• (5/5)
    After having a nationally televised panic attack on Good Morning America, Dan Harris knew he had to make some changes. A lifelong nonbeliever, he found himself on a bizarre adventure involving a disgraced pastor, a mysterious self-help guru, and a gaggle of brain scientists. Eventually, Harris realized that the source of his problems was the very thing he always thought was his greatest asset: the incessant, insatiable voice in his head, which had propelled him through the rans of a hyper competitive business but, he now recognized, had also led him to make the profoundly stupid decisions that provoked his on-air freak out. After learning about research that suggests meditation can do everything from lower your blood pressure to essentially rewire your brain, Harris took a deep dive into the underreported world of CEOs, scientists, and even marines who are now using it for increased calm, focus, and happiness.
  • (5/5)
    I will applying some of the mantras to my daily life.
  • (5/5)
    I picked this book up by chance not thinking that I would like it a lot. I did not anticipate that a news anchor would have much new insight on the topic of happiness and meditation.
  • (5/5)
    If I could give a 100, I would. The book is a blend of authenticity, creativity and factuality. I love it.
  • (5/5)
    Harris knows how to tell a story, with self-deprecating humor and good sense. The story of a reluctant meditator, well told.
  • (5/5)
    Loved the skeptic angle this had. Very Refreshing! Great story and even had me laughing at points. Definitely recommend!
  • (5/5)
    This book just opened me up to the whole realm of meditation. I find it useful that he covered some of the thought leaders in this field.. Many of whom I have heard of but have yet to read their books. Good way to gain a quick insight! I loved his candid yet informative writing although 1-2 chapters were pretty Long-winded. Overall, it was one of the book that captured my attention pretty well. There are many nuggets of wisdom that I found useful for me.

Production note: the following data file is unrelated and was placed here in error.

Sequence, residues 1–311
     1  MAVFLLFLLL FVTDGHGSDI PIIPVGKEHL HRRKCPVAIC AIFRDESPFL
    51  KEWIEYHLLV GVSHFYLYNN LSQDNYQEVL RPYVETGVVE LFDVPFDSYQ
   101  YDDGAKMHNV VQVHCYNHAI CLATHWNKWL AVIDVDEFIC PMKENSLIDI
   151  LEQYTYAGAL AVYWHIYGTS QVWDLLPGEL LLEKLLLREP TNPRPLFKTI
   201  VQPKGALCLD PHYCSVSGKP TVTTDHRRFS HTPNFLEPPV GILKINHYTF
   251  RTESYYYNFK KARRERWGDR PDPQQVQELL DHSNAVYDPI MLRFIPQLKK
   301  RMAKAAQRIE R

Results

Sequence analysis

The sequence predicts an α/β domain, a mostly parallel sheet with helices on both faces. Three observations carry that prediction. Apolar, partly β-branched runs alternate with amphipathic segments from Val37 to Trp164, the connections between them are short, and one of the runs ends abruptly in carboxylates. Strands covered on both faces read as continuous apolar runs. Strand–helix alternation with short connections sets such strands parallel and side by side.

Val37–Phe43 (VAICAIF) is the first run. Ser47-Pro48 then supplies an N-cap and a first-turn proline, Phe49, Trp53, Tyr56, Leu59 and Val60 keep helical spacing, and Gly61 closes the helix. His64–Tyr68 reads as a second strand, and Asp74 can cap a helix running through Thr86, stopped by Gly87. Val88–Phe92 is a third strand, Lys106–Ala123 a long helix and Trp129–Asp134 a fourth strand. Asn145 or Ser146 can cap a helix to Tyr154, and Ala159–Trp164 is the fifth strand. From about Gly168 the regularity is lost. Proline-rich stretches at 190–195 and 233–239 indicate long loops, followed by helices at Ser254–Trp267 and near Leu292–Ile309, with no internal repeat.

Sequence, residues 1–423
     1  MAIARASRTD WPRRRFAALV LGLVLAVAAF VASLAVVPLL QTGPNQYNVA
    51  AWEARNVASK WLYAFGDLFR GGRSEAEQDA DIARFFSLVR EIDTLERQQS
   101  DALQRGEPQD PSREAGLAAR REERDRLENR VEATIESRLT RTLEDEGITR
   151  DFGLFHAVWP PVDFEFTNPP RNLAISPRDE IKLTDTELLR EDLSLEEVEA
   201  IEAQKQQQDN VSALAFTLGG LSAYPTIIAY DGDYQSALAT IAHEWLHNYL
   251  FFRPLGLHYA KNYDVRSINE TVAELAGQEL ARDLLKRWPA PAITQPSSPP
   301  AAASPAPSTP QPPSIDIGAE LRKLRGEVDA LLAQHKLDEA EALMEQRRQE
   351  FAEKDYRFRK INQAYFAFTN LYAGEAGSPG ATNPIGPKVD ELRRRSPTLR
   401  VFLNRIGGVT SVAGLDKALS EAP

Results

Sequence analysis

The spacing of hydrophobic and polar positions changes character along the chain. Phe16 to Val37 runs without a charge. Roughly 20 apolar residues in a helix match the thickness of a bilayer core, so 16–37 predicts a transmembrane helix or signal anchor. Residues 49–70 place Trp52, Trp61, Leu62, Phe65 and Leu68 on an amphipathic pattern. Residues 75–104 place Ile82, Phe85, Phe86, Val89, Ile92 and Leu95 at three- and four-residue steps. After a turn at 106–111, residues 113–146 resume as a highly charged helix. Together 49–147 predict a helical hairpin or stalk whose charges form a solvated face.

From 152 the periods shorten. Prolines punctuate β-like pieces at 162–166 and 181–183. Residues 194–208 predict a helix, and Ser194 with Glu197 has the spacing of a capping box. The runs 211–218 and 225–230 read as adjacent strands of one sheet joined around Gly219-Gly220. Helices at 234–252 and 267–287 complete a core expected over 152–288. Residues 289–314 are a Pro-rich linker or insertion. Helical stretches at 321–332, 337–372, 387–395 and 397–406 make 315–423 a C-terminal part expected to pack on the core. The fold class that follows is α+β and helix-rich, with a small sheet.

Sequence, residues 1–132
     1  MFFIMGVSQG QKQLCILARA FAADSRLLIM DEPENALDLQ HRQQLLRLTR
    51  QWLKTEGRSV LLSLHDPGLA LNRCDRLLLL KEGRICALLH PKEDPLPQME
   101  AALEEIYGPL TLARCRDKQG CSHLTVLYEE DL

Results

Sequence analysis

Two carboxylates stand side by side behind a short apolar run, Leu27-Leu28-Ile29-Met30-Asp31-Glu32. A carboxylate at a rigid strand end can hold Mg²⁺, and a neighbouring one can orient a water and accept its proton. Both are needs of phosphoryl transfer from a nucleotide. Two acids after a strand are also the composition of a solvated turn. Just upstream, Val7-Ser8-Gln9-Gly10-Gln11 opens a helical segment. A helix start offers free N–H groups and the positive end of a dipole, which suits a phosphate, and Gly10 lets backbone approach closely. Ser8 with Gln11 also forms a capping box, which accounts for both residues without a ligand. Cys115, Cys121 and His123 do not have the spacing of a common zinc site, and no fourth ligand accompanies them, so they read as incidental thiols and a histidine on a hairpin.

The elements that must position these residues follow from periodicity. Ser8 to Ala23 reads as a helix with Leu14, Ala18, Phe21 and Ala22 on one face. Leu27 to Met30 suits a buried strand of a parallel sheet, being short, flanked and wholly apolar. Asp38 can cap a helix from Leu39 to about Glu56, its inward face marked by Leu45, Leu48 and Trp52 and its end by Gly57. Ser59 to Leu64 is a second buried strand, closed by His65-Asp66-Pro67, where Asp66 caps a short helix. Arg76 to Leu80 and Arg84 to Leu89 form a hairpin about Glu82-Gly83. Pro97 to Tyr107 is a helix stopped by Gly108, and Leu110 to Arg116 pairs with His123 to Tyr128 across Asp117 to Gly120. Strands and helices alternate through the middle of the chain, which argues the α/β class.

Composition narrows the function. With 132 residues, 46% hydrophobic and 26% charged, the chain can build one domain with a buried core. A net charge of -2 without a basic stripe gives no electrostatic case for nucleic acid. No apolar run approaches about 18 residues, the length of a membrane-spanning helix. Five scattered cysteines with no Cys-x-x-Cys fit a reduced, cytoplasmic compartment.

• (4/5)
    Excellent book for people that want to know more about or how to start meditation through the teachings of Buddhism. Also for people who are skeptical about it. The author gives a ton of insight about the subject and "behind the scenes" through his interviews and spiritual retreats. Dan assimilates a lot of his learnings to his work as an ABC correspondent which is great insight and simplistic enough to apply it to your own life. It is a great read and a great "step" to anybody that is starting in spiritual mindfulness and meditation. A bonus is Dan's exceptional and self deprecating (in a laugh-out-loud type of way) writing style. The book flows easily and Dan does a great job of pulling the reader into his mind and his world. I recommend the book for the reasons above and to anybody that decides to read it....enjoy it!
  • (2/5)
    Such a very long, exhaustive, too many private life details only to discover that it is about mindfulness and meditation after all.
  • (5/5)
    Entertaining, informative, funny, well-written. I highlighted many words and phrases due to my not having encountered them before and/or their poetic or comedic worth.
  • (4/5)
    As someone who ha severe anxiety, I must say that this has been helping me to acknowledge my terrible thoughts for what they are, which is just thoughts, and the breathing techniques are really helpful too. I think I might give meditation a try!